Exchange initiated 181 investigations and/or reviews into all types of
possible abuses. Based on examination of its computerized surveillance
reports, CSCE initiated 87 dual trading-related investigations during
that period, of which seven resulted in referrals to the BCC. With
regard to disciplinary actions, CSCE assessed $65,175 in fines and
ordered $1,926.40 in restitution in eleven dual trading-related cases
involving 14 members.

(e) Commitment of Resources

    The Commission finds that CSCE meets the requirements of Section
5a(b)(1)(E) by committing sufficient resources for its trade monitoring
system, including automating elements of such trade surveillance
system, to be effective in detecting and deterring violations and by
maintaining an adequate staff to investigate and to prosecute
disciplinary actions. For fiscal year 1996, CSCE committed 25 personnel
to Compliance and Market Surveillance and reported its total self-
regulatory costs to be $4,113,400. CSCE reported volume for this period
as 11,315,979 contracts and number of trades as 2,084,916.
    Accordingly, on this date, the Commission hereby grants CSCE's
Petition for Exemption from the dual trading prohibition for trading in
its Sugar #11 futures contract, subject to the Exchange passing a
Commission re-test of its audit trail system.
    For this exemption to remain in effect, CSCE must demonstrate on a
continuing basis that it meets the relevant statutory and regulatory
requirements. The Commission will monitor continued compliance through
review of specific investigations and through its rule enforcement
review program and any other information it may obtain about CSCE's
program. It is the Commission's understanding that CSCE intends to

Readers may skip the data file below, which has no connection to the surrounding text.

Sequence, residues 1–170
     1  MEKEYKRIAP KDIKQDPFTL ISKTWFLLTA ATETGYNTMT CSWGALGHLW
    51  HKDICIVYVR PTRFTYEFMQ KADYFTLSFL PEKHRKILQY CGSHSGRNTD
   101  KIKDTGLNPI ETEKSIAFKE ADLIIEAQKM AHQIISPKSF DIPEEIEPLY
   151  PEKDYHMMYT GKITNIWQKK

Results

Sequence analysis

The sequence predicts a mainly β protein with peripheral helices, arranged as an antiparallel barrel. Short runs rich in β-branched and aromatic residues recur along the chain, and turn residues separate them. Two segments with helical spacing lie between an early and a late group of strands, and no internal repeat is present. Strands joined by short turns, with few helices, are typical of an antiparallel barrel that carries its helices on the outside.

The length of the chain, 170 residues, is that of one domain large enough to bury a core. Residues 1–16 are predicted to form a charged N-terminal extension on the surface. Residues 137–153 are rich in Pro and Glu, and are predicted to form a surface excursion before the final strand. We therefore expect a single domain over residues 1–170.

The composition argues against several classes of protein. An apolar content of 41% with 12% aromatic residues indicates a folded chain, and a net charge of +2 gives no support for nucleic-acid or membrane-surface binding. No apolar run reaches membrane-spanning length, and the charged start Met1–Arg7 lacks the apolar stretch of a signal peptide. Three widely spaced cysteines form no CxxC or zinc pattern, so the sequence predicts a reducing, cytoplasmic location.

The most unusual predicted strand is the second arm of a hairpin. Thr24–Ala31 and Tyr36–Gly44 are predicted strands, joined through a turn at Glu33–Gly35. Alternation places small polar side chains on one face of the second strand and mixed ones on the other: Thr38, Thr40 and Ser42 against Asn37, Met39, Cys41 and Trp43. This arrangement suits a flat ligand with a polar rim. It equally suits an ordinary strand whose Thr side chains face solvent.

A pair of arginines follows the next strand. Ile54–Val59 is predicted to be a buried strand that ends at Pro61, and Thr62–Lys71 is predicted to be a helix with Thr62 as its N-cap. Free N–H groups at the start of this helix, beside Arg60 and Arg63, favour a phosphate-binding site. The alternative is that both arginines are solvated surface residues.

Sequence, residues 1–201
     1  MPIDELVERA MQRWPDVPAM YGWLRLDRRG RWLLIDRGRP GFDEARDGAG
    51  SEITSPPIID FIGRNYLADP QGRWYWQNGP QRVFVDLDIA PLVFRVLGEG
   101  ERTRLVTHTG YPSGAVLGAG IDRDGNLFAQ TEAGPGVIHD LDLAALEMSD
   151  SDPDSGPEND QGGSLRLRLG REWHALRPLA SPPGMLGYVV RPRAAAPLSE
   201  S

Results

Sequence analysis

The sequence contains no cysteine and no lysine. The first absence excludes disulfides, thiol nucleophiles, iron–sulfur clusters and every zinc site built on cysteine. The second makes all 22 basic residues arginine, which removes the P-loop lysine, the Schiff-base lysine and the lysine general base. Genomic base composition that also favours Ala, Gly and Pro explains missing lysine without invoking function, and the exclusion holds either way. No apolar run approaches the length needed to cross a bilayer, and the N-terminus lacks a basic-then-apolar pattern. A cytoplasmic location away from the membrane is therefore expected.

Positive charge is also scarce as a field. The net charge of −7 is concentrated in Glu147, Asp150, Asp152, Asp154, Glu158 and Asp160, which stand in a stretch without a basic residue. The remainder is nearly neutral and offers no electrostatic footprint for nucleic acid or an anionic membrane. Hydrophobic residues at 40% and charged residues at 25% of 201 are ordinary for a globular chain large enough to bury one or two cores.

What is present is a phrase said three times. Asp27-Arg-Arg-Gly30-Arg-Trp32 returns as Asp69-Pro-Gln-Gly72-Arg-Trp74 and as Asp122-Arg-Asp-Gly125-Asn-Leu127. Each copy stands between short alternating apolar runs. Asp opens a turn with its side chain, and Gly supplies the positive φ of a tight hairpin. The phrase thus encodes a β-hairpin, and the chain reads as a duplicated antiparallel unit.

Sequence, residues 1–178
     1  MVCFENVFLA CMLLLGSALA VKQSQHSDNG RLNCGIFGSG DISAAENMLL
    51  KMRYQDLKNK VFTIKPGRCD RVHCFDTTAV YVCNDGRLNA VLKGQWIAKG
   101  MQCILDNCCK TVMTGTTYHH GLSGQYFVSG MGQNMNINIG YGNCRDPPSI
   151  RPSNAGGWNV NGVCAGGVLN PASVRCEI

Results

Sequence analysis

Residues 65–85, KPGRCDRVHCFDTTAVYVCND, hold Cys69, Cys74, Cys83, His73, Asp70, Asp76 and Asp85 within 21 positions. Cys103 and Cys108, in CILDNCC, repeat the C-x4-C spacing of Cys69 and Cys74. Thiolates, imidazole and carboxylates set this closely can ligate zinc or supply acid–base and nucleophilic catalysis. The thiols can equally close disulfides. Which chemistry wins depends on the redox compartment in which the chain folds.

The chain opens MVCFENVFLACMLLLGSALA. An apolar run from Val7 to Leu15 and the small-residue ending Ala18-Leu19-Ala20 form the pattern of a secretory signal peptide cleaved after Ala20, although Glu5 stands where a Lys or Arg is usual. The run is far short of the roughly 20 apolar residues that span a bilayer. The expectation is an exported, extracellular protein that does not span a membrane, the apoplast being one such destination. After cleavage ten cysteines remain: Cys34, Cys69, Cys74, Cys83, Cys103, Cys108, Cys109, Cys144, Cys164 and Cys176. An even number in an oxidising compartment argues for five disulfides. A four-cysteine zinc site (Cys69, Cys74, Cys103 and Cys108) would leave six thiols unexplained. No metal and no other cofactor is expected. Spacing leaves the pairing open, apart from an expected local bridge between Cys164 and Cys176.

complete its upgrade to its Ring Reporter System to include the entry
of the selling broker's identity to enhance matching of time and sales
prints to specific trades. Although the Commission has found that CSCE
can meet the standards of continual provision of data, and independence
to the extent practicable, and has found that it is not practicable at
this time to capture a broker receipt time, the Commission reserves the
ability to reconsider what is practicable as technology for order
routing becomes more widely available.
    The provisions of this Opinion and Order shall be effective on the
date on which it is issued and shall remain in effect unless and until
it is revoked in accordance with Section 8e(b)(3)(B) of the Commodity
Exchange Act, 7 U.S.C. Sec. 12e(b)(3)(B). If other CSCE contracts
become affected contracts after the date of this Order, the Commission
may expand this Order in response to an updated petition that includes
those contracts.
    It is so Ordered.

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    Dated: July 8, 1997.
Jean A. Webb,
Secretary to the Commission.
[FR Doc. 97-18370 Filed 7-11-97; 8:45 am]